Don’t be too precious about what you’re working on either, talking to people and seeking advice is key in the early stages. The chances of someone taking the time, effort and possessing the passion to steal your idea and somehow manage to launch it to market before you do are slim. Another key tip – read. A lot.

7) Can you recommend any books in particular that have helped you on your entrepreneurial journey?

‘The lean startup’ by Eric Reis is a must-read for any startup founder and Growth Hacker Marketing by Ryan Holiday is also a game-changing read for marketing on a budget.

8) What do you think it takes to be a successful entrepreneur? Can anyone make a go of it?

Definitely. I believe anyone can build a successful business regardless of who they are and what their background or education is provided they have the vision, passion and the mental strength to see their ideas through to fruition. In business, you run into constant challenges and difficulties so without these things success is a long shot.

The media often depicts quite a different view though especially in the tech startup space. Headline stories such as ’21-year-old whizz-kid builds app in bedroom and sells it to Google for millions’ don’t help and would have us believe that truly successful entrepreneurs are born not made and portray an image of overnight success that only happens to born geniuses.

I never went to university, and I definitely had no idea what I was doing when I first started out in business. Funny thing is you quickly find out that pretty much everyone else first starting out is in exactly the same boat as you and also knows next to nothing. Once you get stuck in though you’ll learn pretty quickly from experience. So if you’re seriously considering starting something of your own just make a go of it as fast as possible, even if it’s a side project to begin with. You’ll learn very quickly whether or not the life of an entrepreneur is for you or not.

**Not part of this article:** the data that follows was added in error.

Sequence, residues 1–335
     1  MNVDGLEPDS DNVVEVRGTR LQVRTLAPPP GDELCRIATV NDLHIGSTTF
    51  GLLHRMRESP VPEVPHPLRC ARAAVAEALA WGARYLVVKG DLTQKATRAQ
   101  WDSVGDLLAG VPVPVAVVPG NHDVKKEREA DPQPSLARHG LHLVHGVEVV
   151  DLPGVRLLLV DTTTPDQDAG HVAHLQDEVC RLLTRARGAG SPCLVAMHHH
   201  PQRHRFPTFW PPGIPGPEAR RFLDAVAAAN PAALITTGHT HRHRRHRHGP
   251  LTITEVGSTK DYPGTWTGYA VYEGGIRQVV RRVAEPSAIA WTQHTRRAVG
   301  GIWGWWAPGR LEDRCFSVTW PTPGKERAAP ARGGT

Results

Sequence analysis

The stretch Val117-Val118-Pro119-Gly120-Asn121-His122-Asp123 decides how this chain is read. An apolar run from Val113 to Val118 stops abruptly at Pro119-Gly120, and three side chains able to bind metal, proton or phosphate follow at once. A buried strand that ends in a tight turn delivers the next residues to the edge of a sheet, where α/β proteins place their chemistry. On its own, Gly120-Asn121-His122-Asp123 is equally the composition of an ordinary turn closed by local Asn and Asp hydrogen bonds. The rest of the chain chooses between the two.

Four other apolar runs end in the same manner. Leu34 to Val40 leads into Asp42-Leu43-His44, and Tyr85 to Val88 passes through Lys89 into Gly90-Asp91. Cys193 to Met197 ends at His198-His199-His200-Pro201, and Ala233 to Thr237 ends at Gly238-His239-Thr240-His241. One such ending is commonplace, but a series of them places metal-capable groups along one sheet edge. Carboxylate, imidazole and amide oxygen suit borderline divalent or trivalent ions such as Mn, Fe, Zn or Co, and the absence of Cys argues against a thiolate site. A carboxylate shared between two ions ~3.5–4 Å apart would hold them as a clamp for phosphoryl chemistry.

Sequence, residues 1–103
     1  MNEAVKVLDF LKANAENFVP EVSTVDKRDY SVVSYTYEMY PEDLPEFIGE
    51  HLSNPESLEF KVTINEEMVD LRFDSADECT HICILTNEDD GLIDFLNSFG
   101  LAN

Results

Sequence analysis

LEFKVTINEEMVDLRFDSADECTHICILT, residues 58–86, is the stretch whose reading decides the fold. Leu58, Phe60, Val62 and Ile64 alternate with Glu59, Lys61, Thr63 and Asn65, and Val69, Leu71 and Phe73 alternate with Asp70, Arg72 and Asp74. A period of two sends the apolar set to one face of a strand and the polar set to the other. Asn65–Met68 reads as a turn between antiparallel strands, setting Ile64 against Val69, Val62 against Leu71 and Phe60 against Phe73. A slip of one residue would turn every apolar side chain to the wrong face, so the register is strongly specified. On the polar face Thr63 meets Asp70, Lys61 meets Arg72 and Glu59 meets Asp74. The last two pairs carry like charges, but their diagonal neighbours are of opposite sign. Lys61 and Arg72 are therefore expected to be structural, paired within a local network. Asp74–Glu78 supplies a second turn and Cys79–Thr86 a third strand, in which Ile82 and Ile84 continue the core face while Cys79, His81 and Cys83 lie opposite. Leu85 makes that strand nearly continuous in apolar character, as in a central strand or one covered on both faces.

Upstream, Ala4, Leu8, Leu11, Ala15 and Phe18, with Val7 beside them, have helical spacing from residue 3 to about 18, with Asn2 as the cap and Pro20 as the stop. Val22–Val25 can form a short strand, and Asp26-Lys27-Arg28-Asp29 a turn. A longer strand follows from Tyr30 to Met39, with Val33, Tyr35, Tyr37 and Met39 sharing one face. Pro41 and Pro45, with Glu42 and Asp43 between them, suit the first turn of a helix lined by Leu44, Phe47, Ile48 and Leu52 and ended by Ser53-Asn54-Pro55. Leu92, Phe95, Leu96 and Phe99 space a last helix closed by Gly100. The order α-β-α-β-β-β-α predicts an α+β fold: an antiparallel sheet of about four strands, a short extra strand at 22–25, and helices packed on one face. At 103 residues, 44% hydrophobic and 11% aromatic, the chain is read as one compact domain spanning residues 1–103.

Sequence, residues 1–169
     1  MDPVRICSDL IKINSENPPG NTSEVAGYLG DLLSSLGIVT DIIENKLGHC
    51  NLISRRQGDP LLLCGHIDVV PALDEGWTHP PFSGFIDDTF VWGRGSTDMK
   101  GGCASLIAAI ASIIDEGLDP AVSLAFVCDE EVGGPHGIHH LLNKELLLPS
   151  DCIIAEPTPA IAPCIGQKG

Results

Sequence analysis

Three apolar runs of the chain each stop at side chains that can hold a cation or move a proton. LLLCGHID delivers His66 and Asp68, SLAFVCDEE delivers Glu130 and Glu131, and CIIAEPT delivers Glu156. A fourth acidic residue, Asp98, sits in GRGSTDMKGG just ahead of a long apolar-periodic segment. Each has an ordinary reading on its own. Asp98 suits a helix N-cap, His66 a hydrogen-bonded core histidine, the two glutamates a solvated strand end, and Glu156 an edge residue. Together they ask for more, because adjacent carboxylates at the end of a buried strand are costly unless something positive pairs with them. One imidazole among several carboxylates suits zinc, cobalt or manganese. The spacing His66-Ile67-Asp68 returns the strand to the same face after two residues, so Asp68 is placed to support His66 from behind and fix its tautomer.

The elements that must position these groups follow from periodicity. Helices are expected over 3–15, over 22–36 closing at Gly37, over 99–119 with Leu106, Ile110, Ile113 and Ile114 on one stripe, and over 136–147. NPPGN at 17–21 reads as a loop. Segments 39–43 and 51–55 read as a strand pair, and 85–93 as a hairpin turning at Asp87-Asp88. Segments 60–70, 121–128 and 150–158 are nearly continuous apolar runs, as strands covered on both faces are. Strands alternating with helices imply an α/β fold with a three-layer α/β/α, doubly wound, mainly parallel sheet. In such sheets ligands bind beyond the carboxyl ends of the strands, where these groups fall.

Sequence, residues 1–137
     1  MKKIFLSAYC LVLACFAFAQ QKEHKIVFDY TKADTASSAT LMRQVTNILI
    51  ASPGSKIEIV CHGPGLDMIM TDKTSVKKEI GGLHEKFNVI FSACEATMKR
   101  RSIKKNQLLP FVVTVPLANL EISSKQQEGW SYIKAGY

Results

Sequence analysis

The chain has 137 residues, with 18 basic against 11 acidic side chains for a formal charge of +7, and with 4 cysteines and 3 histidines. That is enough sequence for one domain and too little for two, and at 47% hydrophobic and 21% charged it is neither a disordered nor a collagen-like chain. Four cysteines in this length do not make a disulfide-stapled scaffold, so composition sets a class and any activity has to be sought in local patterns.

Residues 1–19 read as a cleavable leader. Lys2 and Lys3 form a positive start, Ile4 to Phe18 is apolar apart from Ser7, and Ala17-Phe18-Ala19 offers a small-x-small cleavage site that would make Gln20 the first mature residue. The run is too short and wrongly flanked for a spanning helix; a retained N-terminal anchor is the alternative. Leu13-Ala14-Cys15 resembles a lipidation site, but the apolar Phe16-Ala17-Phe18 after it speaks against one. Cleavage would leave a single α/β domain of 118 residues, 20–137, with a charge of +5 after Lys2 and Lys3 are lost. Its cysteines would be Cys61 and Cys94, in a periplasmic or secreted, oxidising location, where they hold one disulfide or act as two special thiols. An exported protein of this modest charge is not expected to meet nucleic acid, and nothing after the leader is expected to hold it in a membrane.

And it’s definitely not for everyone, I know loads of people who are actually just happier working for a large company on a salary doing what they are good at, and there’s nothing wrong with that at all (if anything sometimes I envy them!) because being an entrepreneur often means living in a constant state of uncertainty and potential failure.

Despite that though one of the best things about being an entrepreneur is that everyone has the opportunity to start on a level playing field. As long as you’re able to drop your ego, have the right attitude, a willingness to learn and strong work ethic anything is possible.

9) Are there any groups you belong to or mentors that you’d like to highlight that have helped you along the way? If so, what have they brought to the table for you?

I run Startup Grind here in Auckland, so I get to sit down and have conversations with incredibly inspiring entrepreneurs on a monthly basis which I still pinch myself over. There’s no particular groups outside of this, but I have a good network of people I can sit down with over beers and seek advice from.

The great thing about doing business here in New Zealand is people are happy to sit down with you and give advice in exchange for coffee or alcohol! I’ve learnt a lot from Trudi too, having a co-founder that has started and run businesses before is helpful.

10) What are your hopes for Yudoozy’s future? The ultimate goal…

There are still pain points in the product I’m working on, iterations to be made and problems to solve, but this is never ending for a SaaS product, it’s what I love doing. We’re planning to launch in overseas markets very soon as we’ve validated this is a viable business now. We have happy customers and happy freelancers so now we’re positioning ourselves and the product to scale rapidly.

Our ultimate goal is a very human one – to have a successful business that helps a large number of people achieve their goals and allows us to achieve ours in the process.